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Homily – Lent I Year B
Fr Richard Buckingham

Today’s first reading from Genesis tells us of the covenant God made with Noah after the Flood. In that well-known story God looks out over his Creation, over the fruits of his love, and grieves. He speaks out in anguish to the one man who has stayed true, to Noah, saying “The loathsomeness of all mankind has become plain to me, for through them the earth is full of violence. I intend to destroy them, and the earth with them.”
Noah’s family flee into the Ark with the animals, two by two, and the deluge comes, destroying all life upon the earth. It is only a legend but its spiritual truth still compels as we are shown God’s ancient and enormous disappointment with that which he has created. All that promise, all that intelligence, all that beauty and goodness and love within us who are made in the likeness and image of God – besmirched, tarnished and sometimes destroyed by our own foolishness and blindness. There truly seems to be nothing new under the sun. Rightly then this world stands under the divine judgement, and wholesale destruction would be an understandable end to a marvellous dream that went tragically wrong.

Martin Luther, a protestant theologian I’m not much given to quote, was once so exasperated by mankind’s malicious stupidity that he exclaimed:
“If I were God, and the world treated me like it treats God, I’d smash it all to bits!”

Thanks be to God that Luther is not God. Noah, his family and all his animals step forth once more onto dry land and life begins again. God makes a new covenant with Noah and his descendents and vows never to flood the world again. He regrets the destruction and his righteous judgement ends in abundant grace. Legend it may be, yet even now whenever I see a rainbow in the sky it remains for me a joyful sign of hope and trust in our Creator God.

This Old Testament story finds a striking parallel in the New Testament account of Jesus coming in sight of the holy city of Jerusalem and, seeing its corruption, its cruelty and greed, its betrayal of its calling and its denial of decency and humanity, he weeps over it for its moral blindness. “Would that even today you knew the things that make for peace! But now they are hid from your eyes.” This too will lead to destruction, as it did in 70 AD with the destruction of the Temple, that visible and spiritual centre of Judaism.

But here again, as with the Noah story there is a covenant with God, a promise made, a relationship offered. In the Gospel, it is, of course, the New Covenant, the eternal covenant made by God on the Cross.

These two stories encapsulate the meaning of this season of Lent, of justified judgement meeting undeserved mercy. The story of the Flood grapples with mankind’s corruption of the divine likeness within all of us as it meets God’s justice and loving-kindness. Destruction seems the only answer. A new beginning is needed. The pollution must be washed away. Yet even here there is a dawning awareness that the good God is mysteriously beyond human commonsense and understanding. The world so often must seem damnable but God alone sees the whole picture and stays true to his love in creating. He vows never again to destroy his world and his judgement spends itself in mercy.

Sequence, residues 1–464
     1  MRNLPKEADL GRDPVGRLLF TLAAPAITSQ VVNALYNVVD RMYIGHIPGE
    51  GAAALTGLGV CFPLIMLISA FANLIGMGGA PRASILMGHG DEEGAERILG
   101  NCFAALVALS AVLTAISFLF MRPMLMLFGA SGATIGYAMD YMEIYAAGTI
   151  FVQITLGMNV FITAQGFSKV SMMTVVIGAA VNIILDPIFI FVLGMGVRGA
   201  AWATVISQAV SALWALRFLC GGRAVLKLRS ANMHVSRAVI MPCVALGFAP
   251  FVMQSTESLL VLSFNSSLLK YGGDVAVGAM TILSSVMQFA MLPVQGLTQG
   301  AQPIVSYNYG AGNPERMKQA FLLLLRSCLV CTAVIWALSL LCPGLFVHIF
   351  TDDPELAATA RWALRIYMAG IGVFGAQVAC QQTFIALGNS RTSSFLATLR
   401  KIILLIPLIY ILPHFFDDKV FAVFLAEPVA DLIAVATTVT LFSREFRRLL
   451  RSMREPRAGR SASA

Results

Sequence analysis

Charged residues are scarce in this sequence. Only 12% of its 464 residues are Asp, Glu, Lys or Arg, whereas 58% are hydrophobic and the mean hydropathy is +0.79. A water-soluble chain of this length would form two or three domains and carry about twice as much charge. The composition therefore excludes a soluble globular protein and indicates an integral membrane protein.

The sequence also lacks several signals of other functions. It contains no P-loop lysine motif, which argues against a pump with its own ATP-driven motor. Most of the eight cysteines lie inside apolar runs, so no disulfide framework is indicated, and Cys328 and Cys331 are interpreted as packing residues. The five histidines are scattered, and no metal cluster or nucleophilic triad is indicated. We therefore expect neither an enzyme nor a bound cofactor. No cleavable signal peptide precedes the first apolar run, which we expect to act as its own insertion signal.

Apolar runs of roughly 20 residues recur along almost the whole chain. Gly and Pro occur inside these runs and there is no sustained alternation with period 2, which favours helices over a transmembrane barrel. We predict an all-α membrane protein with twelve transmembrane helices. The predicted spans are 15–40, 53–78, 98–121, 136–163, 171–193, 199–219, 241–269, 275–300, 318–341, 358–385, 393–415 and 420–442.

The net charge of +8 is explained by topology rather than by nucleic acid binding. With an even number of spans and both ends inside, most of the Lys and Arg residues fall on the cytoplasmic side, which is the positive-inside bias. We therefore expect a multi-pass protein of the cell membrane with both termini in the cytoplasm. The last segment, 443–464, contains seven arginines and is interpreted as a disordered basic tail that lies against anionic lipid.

And so the sinfulness and corruption continued and God continues to grieve in his heart. Then finally Jesus comes forth from God’s loving heart – flesh of our flesh. Here at last is God’s new and final beginning, a new creation. Towards the end of his earthly ministry Jesus comes in sight of the holy city, the place which as a Jew he most loved and revered, and knowing its corruption and sensing its destruction -  he weeps!

He sees it all laid out before him, the sorry ongoing saga of our human greed and wilfulness. His ministry has shown him our chronic inability to put ourselves right with God or man. Our sin indeed cries to heaven for vengeance, but instead, in his terrible love for us in our lostness, Jesus weeps.

Here then is the fulfilment of Noah’s story. There too was glimpsed a new beginning after the destruction, a divine mercy which goes beyond justice. Now, in Christ, we are able to see into the heart of God. Now we know that Christ weeps for us and so he has not finished with us yet. You do not weep for those you hate but for those whom you love. He goes forth to die for those for whom he cried.

God in Christ now takes upon himself the destruction demanded by justice and makes a new covenant with us on the Cross – an eternal promise is given, love is restored, sin is forgiven and grace forever flows forth from those bleeding hands and feet. Our very necessary Lent always inevitably leads to Easter.
God, not man, has the last word and shows us that ultimately it is not our corruption and violence which shall prevail but the love, truth, goodness, kindness and joy manifested so fully in the humanity of Christ and implanted as a seed within all who are created in the divine image and likeness.

This is our faith and our hope. This is the covenant we are called to share in. This is our new beginning, which began for us when we were washed in the cleansing waters of baptism: water, which symbolises not the angry destructiveness of a flood, but the outpouring of God’s love upon us. Lent then is perhaps the Church’s “Rainbow season”, when we are reminded of the destructiveness of our sinfulness and how it is met by the promise of God’s forgiving generosity. This promise is made to all of us, but I dare to suggest that those of us who make use of the sacrament of Confession this Easter may experience that truth in a very profound and more personal way.

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